Subject: Re: Windows Build

Re: Windows Build

From: Alexander Lamaison <>
Date: Wed, 2 Sep 2015 11:10:44 +0100

On 1 September 2015 at 23:32, Matthew Voss <> wrote:
> Thanks for the input! I managed to find this email from a while back:
> I followed the instructions, and I was down to a single error.
> Essentially, it can't find the declaration of "struct ocsp_response_st",
> so it's giving me error C2059 (invalid typedef). This is available in
> "crypto/ospf.h", but it isn't included in any other header files or in
> the libssh2 code. I went ahead an inserted it into the appropriate
> header file, but got a bunch of errors that I think are the results of
> an undefined macro.


> Are these macros provided by another library? Do they need to be
> manually defined?

Inserting extra #includes will just lead you on a wild goose chase.
Stick to using the source as-is.

Keep in mind, this code is widely used, and is probably built several
hundred times a day round the world, including on Windows. If extra
includes were required to do a basic build, they would already be
there [1].

I recommend configuring the project with CMake, even if you aren't
going to use it that way. Doing so will immediately tell you where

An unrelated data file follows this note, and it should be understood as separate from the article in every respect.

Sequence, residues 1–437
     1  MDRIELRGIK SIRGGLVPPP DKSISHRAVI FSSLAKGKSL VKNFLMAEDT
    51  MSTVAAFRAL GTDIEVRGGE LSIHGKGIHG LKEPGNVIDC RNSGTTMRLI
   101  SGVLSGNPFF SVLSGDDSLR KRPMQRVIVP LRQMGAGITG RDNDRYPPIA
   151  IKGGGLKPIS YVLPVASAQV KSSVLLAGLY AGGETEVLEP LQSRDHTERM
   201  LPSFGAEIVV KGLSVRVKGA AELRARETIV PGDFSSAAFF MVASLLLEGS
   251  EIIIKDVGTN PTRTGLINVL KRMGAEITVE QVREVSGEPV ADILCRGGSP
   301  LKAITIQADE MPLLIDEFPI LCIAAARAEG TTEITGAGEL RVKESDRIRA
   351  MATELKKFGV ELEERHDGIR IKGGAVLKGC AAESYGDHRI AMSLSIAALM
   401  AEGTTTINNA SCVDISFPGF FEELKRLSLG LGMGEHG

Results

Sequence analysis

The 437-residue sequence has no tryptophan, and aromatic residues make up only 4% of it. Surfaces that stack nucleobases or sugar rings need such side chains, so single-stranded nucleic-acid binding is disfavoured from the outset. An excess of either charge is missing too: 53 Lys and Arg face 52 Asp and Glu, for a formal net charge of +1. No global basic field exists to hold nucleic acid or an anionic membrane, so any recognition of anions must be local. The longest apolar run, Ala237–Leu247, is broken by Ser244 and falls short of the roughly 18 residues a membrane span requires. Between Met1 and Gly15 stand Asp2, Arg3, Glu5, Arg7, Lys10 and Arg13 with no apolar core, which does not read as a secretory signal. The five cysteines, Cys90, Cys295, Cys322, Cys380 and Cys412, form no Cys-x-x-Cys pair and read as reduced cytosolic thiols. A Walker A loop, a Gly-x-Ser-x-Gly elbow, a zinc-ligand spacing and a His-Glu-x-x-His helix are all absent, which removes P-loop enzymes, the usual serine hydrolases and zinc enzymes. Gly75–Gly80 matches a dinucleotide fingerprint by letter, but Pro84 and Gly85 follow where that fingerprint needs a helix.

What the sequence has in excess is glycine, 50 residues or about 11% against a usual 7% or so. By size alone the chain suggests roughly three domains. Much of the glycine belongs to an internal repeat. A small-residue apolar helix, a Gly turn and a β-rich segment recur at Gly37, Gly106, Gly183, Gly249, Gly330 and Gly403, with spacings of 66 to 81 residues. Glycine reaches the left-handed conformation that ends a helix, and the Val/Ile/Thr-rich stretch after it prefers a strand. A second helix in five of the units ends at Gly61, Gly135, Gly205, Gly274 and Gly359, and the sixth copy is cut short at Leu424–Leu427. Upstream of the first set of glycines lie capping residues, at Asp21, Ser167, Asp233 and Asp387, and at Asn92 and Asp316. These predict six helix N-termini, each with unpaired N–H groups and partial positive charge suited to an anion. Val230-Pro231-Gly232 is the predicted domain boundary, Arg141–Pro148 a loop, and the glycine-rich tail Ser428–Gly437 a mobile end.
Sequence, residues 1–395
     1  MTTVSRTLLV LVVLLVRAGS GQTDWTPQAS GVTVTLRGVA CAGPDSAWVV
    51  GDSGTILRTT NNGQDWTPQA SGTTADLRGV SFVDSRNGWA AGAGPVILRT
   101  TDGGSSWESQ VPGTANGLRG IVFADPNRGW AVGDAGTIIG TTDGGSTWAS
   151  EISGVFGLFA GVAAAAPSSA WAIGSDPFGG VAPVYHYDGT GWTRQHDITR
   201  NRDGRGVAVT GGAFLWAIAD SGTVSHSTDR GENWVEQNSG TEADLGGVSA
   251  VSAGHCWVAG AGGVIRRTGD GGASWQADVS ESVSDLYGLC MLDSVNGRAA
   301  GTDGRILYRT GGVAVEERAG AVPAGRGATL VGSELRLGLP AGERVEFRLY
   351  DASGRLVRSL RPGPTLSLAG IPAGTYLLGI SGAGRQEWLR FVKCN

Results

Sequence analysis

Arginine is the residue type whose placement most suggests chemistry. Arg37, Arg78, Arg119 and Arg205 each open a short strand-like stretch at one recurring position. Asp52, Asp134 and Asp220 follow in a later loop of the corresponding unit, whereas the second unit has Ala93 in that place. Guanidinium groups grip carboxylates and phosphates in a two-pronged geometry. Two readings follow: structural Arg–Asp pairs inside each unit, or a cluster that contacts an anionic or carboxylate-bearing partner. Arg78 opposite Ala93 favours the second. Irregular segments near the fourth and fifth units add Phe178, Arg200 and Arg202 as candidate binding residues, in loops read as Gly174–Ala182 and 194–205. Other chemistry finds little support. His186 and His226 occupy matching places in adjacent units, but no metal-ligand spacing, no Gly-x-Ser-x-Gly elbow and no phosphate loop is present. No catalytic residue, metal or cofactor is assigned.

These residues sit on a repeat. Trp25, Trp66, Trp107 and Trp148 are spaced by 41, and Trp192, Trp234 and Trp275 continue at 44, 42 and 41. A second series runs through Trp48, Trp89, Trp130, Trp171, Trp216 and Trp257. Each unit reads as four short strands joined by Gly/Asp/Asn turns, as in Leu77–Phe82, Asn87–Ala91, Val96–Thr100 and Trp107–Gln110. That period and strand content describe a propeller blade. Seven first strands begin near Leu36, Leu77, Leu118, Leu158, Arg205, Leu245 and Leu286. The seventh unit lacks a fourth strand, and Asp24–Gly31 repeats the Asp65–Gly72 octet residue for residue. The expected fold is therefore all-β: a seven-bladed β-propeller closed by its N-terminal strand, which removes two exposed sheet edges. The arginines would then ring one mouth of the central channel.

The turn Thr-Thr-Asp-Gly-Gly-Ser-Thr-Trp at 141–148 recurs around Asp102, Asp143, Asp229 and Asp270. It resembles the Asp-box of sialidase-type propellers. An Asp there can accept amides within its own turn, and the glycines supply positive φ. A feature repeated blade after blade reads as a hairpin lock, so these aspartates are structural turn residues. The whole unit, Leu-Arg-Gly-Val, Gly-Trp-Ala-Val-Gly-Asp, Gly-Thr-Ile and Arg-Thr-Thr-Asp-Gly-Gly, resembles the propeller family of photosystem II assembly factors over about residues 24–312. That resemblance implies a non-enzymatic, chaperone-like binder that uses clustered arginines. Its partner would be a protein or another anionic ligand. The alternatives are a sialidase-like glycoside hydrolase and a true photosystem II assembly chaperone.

the problem lies: if it gives you OpenSSL errors again, there is
something wrong with your OpenSSL installation. If it works fine,
there was something wrong with your handcrafted project file. In that
case, you can use the CMake-generated project as a guide to fixing
your project.

Or just keep using CMake. Things have changed since 2012, when I
wrote the message you linked to. The CMake option didn't exist back
then, so, on Windows, you were stuck with a limited selection of
pre-baked projects for really old VS versions. That's why I favoured
hand-crafting your own. Now CMake can generate projects with support
for many compilers and up-to-date VS versions, 32 or 64-bit, and with
the same choice of options that are available on Linux/Mac OS.

[1] Unless you are doing something quite specialised like using custom
variants of OpenSSL - You'd know if you were.



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Received on 2015-09-02